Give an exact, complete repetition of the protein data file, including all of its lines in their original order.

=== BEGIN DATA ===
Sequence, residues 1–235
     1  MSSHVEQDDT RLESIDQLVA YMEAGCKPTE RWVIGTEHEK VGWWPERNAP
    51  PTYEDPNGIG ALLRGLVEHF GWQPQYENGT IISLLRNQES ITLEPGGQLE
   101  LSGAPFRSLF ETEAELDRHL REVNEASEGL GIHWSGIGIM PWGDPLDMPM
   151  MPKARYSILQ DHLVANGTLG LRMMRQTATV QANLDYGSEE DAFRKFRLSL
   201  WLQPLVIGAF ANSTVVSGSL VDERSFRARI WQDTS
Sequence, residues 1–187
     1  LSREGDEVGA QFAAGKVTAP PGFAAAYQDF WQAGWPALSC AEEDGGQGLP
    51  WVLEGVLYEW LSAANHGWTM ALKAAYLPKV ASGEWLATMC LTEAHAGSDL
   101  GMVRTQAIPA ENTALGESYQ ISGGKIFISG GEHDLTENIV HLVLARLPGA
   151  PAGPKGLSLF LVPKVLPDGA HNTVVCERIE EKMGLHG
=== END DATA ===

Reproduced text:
Sequence, residues 1–235
     1  MSSHVEQDDT RLESIDQLVA YMEAGCKPTE RWVIGTEHEK VGWWPERNAP
    51  PTYEDPNGIG ALLRGLVEHF GWQPQYENGT IISLLRNQES ITLEPGGQLE
   101  LSGAPFRSLF ETEAELDRHL REVNEASEGL GIHWSGIGIM PWGDPLDMPM
   151  MPKARYSILQ DHLVANGTLG LRMMRQTATV QANLDYGSEE DAFRKFRLSL
   201  WLQPLVIGAF ANSTVVSGSL VDERSFRARI WQDTS
Sequence, residues 1–187
     1  LSREGDEVGA QFAAGKVTAP PGFAAAYQDF WQAGWPALSC AEEDGGQGLP
    51  WVLEGVLYEW LSAANHGWTM ALKAAYLPKV ASGEWLATMC LTEAHAGSDL
   101  GMVRTQAIPA ENTALGESYQ ISGGKIFISG GEHDLTENIV HLVLARLPGA
   151  PAGPKGLSLF LVPKVLPDGA HNTVVCERIE EKMGLHG